This classic sauce can be made with tomatoes from the garden, a local farm, or the grocery store—fresh or canned. If working with fresh tomatoes, choose a combination of round and plum tomatoes for best results. If you are canning, be sure to peel the tomatoes and add the lemon juice to the jars to reach the appropriate pH level.
- Yield: 4 cups (850 g)
- 2 tablespoons olive oil
- 1 medium onion, chopped
- 4 garlic cloves, minced
- 3½ pounds (1586 g) tomatoes, peeled and chopped into large pieces, or two 28-ounce (794 g) cans whole peeled tomatoes
- 1 tablespoon chopped fresh parsley
- ¼ teaspoon dried oregano
- 2 teaspoons salt
- ½ teaspoon ground black pepper
- 3 tablespoons fresh lemon juice (if canning)
- If you are canning, start boiling the jars to be used and follow the Steps for Canning.
- Heat the oil in a large pot over medium-high heat. Add the onion and sauté for 2 minutes, until just softened. Add the garlic and sauté for 1 minute longer.
- Add the tomatoes, parsley, oregano, salt, and pepper. Bring the sauce to a boil for 3 minutes. Use a potato masher to break up the tomatoes. How much to mash depends on how chunky you like your sauce.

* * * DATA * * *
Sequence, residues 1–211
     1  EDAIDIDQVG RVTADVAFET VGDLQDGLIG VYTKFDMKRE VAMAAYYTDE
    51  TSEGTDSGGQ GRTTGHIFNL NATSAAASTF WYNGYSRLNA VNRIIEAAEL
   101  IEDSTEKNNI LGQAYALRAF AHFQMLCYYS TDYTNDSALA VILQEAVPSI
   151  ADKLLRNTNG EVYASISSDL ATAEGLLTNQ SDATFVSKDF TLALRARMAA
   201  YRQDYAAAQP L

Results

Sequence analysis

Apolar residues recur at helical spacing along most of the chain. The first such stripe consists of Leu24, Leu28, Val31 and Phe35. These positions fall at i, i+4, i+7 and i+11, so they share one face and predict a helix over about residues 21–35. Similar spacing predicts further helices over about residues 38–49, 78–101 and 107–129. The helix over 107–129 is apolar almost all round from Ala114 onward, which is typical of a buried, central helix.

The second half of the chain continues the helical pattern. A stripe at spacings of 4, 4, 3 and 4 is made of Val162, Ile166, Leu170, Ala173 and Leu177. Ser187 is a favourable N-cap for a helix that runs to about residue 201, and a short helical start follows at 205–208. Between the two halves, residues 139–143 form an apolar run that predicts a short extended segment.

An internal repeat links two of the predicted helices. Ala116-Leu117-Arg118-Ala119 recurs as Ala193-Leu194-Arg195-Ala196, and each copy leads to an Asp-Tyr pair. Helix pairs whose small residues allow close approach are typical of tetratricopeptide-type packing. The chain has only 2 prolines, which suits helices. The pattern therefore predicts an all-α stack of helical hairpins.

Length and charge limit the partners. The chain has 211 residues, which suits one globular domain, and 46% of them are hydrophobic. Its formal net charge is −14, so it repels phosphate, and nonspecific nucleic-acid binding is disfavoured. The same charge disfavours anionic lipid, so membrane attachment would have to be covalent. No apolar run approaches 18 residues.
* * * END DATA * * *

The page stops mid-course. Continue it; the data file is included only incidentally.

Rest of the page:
- Bring the sauce to a boil again, then reduce the heat to medium-low. Bring to a low boil, uncovered, and cook over medium-low heat for 20 to 30 minutes, stirring occasionally. How long to boil depends on how thick you like your sauce.
- If you are canning, add 1½ tablespoons of lemon juice to each pint jar before adding the tomato sauce, leaving ½ inch (13 mm) of headspace, and process in a water bath for 35 minutes. Otherwise, let the sauce cool and then transfer it to airtight containers; refrigerate for up to 1 week or freeze for up to 6 months.